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J Biol Chem. 2003 Feb 21;278(8):5947-51. Epub 2003 Jan 2.

The tuberin-hamartin complex negatively regulates beta-catenin signaling activity.

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  • 1Department of Surgery, University of Washington, School of Medicine, Seattle, Washington 98195, USA.


Tuberous sclerosis complex (TSC) is characterized by the formation of hamartomas in multiple organs resulting from mutations in the TSC1 or TSC2 gene. Their protein products, hamartin and tuberin, respectively, form a functional complex that affects cell growth, differentiation, and proliferation. Several lines of evidence, including renal tumors derived from TSC2+/- animals, suggest that the loss or inhibition of tuberin is associated with up-regulation of cyclin D1. As cyclin D1 can be regulated through the canonical Wnt/beta-catenin signaling pathway, we hypothesize that the cell proliferative effects of hamartin and tuberin are partly mediated through beta-catenin. In this study, total beta-catenin protein levels were found to be elevated in the TSC2-related renal tumors. Ectopic expression of hamartin and wild-type tuberin, but not mutant tuberin, reduced beta-catenin steady-state levels and its half-life. The TSC1-TSC2 complex also inhibited Wnt-1 stimulated Tcf/LEF luciferase reporter activity. This inhibition was eliminated by constitutively active beta-catenin but not by Disheveled, suggesting that hamartin and tuberin function at the level of the beta-catenin degradation complex. Indeed, hamartin and tuberin co-immunoprecipitated with glycogen synthase kinase 3 beta and Axin, components of this complex in a Wnt-1-dependent manner. Our data suggest that hamartin and tuberin negatively regulate beta-catenin stability and activity by participating in the beta-catenin degradation complex.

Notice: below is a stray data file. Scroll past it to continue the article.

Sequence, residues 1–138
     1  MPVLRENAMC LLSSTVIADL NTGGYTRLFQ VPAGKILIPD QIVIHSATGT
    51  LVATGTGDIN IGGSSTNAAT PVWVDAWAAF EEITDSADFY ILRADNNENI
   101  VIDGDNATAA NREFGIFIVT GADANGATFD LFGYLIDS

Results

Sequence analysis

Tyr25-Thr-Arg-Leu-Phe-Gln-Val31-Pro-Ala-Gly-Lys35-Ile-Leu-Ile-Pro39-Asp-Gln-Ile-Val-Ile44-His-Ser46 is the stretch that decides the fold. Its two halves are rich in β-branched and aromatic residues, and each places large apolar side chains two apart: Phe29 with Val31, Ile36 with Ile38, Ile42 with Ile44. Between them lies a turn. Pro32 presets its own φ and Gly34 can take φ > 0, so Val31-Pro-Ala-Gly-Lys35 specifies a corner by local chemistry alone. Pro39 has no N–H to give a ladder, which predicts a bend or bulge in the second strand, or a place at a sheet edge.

[PubMed - indexed for MEDLINE]
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